Henry Clay 2022 Debate Tournament Kentucky Schools ONLY

2022 — NSDA Campus, KY/US

Varsity Lincoln Douglas

Abbreviation VLD
Format Debate
Entry Fee $10.00
Overall Entry Limit 50
Entry 1 competitors per entry

Event Description:

If you have any questions during the competition, please do not hesitate to contact tournament director (Ryan Ray) at ryan.ray@fayette.kyschools.us

Thank you!


Lincoln Douglas Debate centers on a proposition of value, which concerns itself with what ought to be instead of what is.

A value is an ideal held by individuals, societies, governments, etc. Debaters are encouraged to develop argumentation

based upon a values perspective. To that end, no plan (or counterplan) will be offered by the debaters. In Lincoln Douglas

Debate, a plan is defined by the NSDA as a formalized, comprehensive proposal for implementation. The debate should

focus on reasoning to support a general principle instead of particular plans and counterplans. Debaters may offer

generalized, practical examples or solutions to illustrate how the general principle could guide decisions.

The hallmarks of Lincoln Douglas Debate include:

1. Parallel Burdens: No question of values can be determined entirely true or false. This is why the resolution is

debatable. Therefore neither debater should be held to a standard of absolute proof. No debater can realistically be

expected to prove complete validity or invalidity of the resolution. The better debater is the one who, on the

whole, proves his/her side of the resolution more valid as a general principle.

● Burden of proof: Each debater has the equal burden to prove the validity of his/her side of the resolution as a

general principle. As an LD resolution is a statement of value, there is no presumption for eitherside.

● Burden of clash: Each debater has an equal burden to clash with his/her opponent’s position. After a case is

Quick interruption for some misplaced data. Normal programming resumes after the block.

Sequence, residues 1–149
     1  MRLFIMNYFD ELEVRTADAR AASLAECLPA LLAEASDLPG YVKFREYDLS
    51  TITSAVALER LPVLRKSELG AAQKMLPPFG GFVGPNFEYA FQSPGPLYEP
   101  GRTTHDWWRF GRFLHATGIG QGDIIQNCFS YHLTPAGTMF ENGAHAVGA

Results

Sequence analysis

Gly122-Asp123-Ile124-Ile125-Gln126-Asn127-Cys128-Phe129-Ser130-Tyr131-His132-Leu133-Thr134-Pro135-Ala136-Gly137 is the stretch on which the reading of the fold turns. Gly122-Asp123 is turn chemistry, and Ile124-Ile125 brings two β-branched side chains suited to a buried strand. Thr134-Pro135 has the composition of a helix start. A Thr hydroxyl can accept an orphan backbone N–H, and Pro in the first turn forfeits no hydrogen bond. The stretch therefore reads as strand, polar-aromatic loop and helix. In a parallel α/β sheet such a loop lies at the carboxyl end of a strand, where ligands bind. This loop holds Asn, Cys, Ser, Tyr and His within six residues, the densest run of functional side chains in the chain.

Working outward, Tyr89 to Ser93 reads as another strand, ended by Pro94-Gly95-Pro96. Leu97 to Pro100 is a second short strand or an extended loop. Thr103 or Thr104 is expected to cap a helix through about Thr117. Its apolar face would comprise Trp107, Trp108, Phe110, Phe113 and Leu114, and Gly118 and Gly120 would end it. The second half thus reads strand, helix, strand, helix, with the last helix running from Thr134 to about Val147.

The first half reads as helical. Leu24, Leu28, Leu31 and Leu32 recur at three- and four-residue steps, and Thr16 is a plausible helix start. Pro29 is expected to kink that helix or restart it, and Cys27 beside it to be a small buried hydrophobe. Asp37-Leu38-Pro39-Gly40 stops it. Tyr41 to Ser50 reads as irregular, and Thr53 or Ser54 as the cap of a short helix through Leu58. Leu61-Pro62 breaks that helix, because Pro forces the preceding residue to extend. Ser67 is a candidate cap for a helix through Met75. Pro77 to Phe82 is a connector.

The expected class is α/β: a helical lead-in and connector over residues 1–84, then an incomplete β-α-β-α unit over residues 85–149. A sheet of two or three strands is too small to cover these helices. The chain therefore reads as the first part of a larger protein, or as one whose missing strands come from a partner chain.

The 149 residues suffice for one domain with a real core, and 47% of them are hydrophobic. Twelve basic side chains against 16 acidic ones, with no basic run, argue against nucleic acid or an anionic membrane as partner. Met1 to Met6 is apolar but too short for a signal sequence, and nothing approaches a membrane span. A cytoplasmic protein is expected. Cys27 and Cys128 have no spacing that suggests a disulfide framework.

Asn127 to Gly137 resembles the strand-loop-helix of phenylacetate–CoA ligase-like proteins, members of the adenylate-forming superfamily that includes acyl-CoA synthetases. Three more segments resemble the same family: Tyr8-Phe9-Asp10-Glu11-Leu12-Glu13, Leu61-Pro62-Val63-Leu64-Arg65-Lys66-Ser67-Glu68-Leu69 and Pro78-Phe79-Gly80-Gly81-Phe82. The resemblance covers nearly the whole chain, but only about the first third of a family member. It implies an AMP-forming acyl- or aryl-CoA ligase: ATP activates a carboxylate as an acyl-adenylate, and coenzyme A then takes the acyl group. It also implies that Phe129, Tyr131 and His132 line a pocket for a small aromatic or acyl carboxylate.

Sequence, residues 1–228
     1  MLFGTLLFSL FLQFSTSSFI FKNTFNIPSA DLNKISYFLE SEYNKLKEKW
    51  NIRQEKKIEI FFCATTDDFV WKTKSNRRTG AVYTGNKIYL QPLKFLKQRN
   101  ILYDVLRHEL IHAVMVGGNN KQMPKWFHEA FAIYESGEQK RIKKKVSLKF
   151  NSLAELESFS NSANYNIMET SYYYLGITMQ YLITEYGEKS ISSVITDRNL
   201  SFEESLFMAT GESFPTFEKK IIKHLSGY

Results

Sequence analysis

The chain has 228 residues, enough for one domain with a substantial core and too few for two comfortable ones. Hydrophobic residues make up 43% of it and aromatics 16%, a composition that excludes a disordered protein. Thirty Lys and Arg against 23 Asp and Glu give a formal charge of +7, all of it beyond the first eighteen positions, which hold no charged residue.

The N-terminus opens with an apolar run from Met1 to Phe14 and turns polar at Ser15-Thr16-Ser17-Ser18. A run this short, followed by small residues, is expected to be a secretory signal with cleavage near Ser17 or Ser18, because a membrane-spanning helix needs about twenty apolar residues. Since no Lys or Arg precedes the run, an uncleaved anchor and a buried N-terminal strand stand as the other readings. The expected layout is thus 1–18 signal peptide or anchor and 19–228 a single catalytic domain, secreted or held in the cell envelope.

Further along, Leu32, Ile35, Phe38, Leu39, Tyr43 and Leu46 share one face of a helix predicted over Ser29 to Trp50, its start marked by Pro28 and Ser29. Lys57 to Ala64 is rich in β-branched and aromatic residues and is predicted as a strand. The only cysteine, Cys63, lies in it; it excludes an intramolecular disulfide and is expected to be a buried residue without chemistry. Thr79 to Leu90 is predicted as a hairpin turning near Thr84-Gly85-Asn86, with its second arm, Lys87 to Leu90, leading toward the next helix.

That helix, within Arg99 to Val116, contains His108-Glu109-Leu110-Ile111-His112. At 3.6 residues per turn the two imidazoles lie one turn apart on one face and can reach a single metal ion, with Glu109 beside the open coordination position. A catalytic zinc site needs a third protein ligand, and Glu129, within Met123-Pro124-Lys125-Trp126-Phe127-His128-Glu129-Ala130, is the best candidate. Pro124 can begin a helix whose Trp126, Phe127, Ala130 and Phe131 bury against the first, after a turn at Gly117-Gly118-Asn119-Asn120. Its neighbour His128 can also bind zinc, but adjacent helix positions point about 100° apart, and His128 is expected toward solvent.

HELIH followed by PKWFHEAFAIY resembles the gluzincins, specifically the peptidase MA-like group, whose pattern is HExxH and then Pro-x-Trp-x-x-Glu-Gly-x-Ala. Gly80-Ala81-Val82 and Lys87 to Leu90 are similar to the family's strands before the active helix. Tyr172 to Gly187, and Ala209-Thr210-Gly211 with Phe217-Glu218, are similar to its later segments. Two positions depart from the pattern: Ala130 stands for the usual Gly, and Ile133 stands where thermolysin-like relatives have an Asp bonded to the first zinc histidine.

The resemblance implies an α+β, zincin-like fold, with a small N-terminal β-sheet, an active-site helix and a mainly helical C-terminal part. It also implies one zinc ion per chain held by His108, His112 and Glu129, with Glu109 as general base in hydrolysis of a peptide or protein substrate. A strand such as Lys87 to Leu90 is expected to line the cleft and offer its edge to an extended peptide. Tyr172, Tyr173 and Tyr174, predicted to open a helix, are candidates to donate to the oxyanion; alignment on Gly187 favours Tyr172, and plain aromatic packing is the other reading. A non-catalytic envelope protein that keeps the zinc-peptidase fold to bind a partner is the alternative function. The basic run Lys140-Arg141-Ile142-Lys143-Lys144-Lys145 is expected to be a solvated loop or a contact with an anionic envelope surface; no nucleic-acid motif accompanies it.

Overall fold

presented, neither debater should be rewarded for presenting a speech completely unrelated to the argumentsof

his/her opponent.

● Resolutional burden: The debaters are equally obligated to focus the debate on the central questions of the

resolution, not whether the resolution itself is worthy of debate. Because the affirmative must uphold the resolution,

the negative must also argue the resolution as presented.

2. Value Structure: The value structure (or framework) is established by the debater to serve two functions: a) to

provide an interpretation of the central focus of the resolution, and b) to provide a method for the judge to

evaluate the central questions of the resolution. The value structure often consists of a statement of theresolution

(if affirming), definitions (dictionary or contextual), the value premise (or core value), and the value criterion (or

standard). This structure is commonly but not always employed.

● Definitions: The affirmative should offer definitions, be they dictionary or contextual, that provides a reasonable

ground for debate. The negative has the option to challenge these definitions and to offer counter‐definitions.

● Value Premise/Core Value: A value is an ideal held by individuals, societies, governments, etc. that serves as the

highest goal to be protected, respected, maximized, advanced, or achieved. In general, the debater will establish a

value which focuses the central questions of the resolution and will serve as a foundation for argumentation.

● Value Criterion/Standard: In general, each debater will present a value criterion (a standard) which the